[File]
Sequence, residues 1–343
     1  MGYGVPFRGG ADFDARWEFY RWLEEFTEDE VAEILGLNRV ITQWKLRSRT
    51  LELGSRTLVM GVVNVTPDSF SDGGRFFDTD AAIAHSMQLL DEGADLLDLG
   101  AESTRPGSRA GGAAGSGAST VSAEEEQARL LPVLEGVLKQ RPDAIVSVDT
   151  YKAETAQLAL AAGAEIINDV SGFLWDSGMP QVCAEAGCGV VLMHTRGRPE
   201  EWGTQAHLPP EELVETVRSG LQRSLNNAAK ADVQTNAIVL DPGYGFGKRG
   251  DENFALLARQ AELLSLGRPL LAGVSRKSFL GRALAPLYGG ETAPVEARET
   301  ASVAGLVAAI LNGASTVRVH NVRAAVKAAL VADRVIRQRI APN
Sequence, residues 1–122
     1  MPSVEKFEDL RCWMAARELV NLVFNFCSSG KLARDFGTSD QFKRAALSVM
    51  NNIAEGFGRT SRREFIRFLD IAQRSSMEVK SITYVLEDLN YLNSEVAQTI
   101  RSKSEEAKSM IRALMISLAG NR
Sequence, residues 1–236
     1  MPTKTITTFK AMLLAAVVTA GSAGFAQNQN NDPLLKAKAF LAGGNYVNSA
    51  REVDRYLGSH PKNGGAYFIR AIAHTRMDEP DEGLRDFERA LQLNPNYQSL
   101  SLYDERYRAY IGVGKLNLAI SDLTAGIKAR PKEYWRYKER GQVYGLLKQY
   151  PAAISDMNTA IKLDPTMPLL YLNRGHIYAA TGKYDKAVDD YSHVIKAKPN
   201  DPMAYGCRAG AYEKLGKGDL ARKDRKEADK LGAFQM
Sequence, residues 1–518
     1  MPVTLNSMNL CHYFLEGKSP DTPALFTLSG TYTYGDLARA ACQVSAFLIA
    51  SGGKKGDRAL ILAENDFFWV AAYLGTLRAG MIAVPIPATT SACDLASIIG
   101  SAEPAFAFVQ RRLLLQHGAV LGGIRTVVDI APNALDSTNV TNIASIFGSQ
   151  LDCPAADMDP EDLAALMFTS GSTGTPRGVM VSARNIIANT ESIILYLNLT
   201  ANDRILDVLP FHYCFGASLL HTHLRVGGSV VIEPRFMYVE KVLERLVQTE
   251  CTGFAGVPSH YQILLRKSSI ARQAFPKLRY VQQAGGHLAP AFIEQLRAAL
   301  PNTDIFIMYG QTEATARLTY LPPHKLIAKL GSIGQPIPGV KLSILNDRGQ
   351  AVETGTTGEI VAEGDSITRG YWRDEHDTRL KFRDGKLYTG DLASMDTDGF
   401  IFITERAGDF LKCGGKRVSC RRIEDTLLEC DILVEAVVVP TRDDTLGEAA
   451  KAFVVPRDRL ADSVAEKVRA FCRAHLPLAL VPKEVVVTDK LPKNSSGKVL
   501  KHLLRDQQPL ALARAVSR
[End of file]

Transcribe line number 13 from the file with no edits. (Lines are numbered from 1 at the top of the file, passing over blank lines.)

Sequence, residues 1–236